When to take creatine? While this question is unanswered to date, since there is no ideal timing for taking creatine , a recent study of 19 male bodybuilders seems to indicate that post-workout supplementation on training days is the one with the greatest benefit . On rest days, timing is less important and the taking can be done when it is more convenient for the person [1, 2].
It also appears that creatine ingested in combination with large amounts of simple carbohydrates (80-100 g of glucose) or a mixture with 30-50 g of protein and 50-80 g of carbohydrates substantially increases the buildup of muscle creatine compared to the intake of creatine alone. In fact, some studies indicate that supplementing 5 grams of creatine with 93 grams of plain carbohydrate 4 times a day for 5 days seems to increase muscle creatine levels by 60% more than creatine alone. [3-6].
The reason for this is the occurrence of a peak insulin which, in turn, will help increase glycogen in muscles , and consequently increase cell volume. However, it is also important to note that this is probably only more effective on the first or first days of supplementation – read on to understand why!
There are also several studies suggesting that sodium (salt!) May be important for the transport of creatine and in fact there are several athletes who take creatine along with sodium bicarbonate, since sodium levels are lower in post training . However, considering these timings, it also seems to have no significant effect on when to take creatine [7, 8] – again, read on, you’ll find out why.
The saturation level of the cells matter more than the timing
The truth is, more important than when taking creatine, is the saturation level of the cells and as long as the muscles and cells are full of creatine, the gains will appear! There are some potential drug interactions , especially with nephrotoxic drugs (which are toxic to the kidneys) and in these cases the risk of kidney damage increases. Some examples are: cyclosporine, aminoglycosides and non-steroidal anti-inflammatory drugs (NSAIDs) including ibuprofen, indomethacin, naproxen and piroxicam – the latter being medicines that are often used to help with muscle pain. [9-11]
When you take creatine along with caffeine (an ergogenic substance that increases workability and performance, especially by eliminating fatigue), the latter does not appear to significantly affect the absorption or amount of muscle creatine. In fact, studies show that muscle performance and resistance to aerobic exercise do not increase with taking caffeine + creatine versus creatine. Since caffeine is naturally vasoconstricting and has a diuretic effect on our body, reducing or even cutting caffeine intake during the loading phase of creatine may be a good strategy to maintain the hydration required to volumize the cells. [12-14]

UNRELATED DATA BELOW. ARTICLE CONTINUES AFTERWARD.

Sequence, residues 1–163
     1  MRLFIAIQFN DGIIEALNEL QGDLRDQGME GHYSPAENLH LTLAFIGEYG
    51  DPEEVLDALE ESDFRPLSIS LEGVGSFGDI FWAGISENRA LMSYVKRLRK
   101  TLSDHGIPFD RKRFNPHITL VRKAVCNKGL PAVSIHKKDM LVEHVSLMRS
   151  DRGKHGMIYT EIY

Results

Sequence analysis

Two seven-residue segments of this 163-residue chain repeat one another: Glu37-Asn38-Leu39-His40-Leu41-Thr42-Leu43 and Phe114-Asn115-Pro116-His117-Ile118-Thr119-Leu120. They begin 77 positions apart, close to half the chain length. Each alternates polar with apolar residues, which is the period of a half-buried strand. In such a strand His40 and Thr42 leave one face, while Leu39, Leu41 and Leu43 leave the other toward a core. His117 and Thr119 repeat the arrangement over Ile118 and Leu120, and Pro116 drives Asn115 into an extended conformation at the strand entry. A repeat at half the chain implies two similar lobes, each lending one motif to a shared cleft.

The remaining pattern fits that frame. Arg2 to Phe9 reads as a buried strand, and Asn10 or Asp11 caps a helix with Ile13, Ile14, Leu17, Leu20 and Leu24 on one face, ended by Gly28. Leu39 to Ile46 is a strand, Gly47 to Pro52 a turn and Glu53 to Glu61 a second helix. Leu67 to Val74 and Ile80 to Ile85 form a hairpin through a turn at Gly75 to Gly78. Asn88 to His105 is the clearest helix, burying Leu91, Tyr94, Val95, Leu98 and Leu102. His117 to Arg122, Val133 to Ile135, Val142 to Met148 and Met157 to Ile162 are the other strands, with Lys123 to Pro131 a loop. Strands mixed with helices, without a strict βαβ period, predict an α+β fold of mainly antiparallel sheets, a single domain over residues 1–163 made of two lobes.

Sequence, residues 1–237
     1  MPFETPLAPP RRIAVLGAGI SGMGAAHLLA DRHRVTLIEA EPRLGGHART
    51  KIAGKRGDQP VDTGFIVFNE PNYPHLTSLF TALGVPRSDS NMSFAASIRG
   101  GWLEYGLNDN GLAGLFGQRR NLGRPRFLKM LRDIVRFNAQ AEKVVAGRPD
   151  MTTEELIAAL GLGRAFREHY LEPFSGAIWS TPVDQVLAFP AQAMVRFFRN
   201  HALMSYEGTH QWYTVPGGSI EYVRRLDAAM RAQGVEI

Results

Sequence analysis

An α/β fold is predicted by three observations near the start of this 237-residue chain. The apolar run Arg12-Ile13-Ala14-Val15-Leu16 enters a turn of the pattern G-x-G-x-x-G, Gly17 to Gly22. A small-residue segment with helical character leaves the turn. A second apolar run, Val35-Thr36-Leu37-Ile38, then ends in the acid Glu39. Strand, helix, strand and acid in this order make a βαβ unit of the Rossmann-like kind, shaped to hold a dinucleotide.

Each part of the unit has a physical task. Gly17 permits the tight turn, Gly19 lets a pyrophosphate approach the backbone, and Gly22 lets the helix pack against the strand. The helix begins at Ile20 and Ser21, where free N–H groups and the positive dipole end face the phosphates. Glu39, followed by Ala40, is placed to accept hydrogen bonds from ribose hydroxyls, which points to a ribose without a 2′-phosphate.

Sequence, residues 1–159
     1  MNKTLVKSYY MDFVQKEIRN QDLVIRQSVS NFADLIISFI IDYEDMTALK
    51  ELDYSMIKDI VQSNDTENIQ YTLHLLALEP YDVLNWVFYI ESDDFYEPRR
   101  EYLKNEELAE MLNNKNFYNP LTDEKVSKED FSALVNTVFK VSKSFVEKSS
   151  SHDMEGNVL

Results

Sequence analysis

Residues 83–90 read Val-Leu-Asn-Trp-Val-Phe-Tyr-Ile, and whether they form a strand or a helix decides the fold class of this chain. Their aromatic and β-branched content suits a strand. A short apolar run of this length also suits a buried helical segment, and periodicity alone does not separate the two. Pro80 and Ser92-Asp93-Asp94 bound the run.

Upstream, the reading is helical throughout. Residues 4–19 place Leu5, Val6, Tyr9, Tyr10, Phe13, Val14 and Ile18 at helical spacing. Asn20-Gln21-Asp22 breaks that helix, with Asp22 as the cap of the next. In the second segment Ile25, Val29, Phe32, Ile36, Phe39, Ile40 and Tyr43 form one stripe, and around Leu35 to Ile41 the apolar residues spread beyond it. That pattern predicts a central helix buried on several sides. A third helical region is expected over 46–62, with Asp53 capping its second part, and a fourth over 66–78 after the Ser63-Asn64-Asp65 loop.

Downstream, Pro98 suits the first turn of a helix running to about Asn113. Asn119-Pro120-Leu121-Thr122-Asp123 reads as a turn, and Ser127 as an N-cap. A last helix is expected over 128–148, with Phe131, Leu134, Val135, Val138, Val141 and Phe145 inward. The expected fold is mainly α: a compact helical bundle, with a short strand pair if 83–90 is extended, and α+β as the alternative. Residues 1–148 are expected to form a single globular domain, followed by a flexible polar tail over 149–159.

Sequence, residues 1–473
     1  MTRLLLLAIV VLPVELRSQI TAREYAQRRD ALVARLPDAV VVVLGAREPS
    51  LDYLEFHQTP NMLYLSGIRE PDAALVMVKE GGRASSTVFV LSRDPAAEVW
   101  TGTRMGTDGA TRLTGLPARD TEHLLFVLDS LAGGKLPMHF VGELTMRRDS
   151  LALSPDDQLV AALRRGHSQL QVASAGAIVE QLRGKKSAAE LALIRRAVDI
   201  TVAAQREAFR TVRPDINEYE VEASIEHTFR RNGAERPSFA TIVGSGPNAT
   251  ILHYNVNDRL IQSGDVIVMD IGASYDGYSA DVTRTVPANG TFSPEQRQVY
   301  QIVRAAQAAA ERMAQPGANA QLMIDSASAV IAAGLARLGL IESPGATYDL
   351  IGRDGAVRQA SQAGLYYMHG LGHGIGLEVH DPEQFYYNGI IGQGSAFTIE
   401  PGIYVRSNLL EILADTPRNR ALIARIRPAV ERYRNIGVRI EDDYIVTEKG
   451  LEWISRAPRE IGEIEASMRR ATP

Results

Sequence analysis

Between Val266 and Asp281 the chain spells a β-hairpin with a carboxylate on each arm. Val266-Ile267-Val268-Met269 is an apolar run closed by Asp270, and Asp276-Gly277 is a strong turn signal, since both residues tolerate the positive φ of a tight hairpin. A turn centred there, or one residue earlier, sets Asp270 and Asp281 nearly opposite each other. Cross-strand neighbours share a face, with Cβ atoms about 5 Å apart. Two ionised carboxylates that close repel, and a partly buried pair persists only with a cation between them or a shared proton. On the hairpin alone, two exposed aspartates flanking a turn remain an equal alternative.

Myths about the adverse effects of creatine
For several years, creatine supplementation was considered toxic and harmful to the body , especially for kidney function. Fortunately, more and more scientific studies, especially since 2000, have helped to discredit these claims. Potential effects of mutagenicity and carcinogenicity have not been demonstrated in studies lasting several months and years, both in young populations and in older populations. [15-18].
Even though there are some changes (within the normal range) of urinary excretion of some substances after a high dose of creatine (20 g / day), it has been found that this will have no effect on renal function, showing that creatine is actually a safe substance that can be used without problems in healthy individuals. [15, 16, 19-27].
However, in subjects with pre-existing renal disease or reduced glomerular filtration rate due to a renal problem secondary to another disease, such as diabetes or hypertension, creatine supplementation should not be given in high doses (> 3-5 g / day ), as the risk of potential adverse effects increases.
Thus, in such cases, an investigation of renal function may be advised when taking creatine, preferably prior to initiation of supplementation , for safety reasons, as well as regular monitoring to avoid potential abnormal reactions. [17, 18, 28]. Likewise, there is no known influence of creatine on liver enzymes or on lung function in healthy people.
Excessive Creatine: What Causes Health?
However, it is clear that, like in any other substance, there are potential adverse effects that can happen when taking creatine in large quantities . Some fluid retention after creatine supplementationappears to be evident because of increased levels of hydration in skeletal muscle tissue. [29-31]. There is still some controversy regarding a greater likelihood of gastrointestinal discomfort such as nausea, colic and diarrhea when taking creatine with little water or taking it in a single dose in one go.
When to take creatine to minimize side effects?
Distributing the doses throughout the day and taking creatine along with a meal can minimize these effects. [15,32] Finally, it is noteworthy that there are no scientific studies that refer to creatine as a causal factor in any form of cancer and any claims to the contrary are not based on any scientific basis! In fact, as we saw in part 1, creatine protects our body from reactive oxygen species and toxic substances . [15,33,34]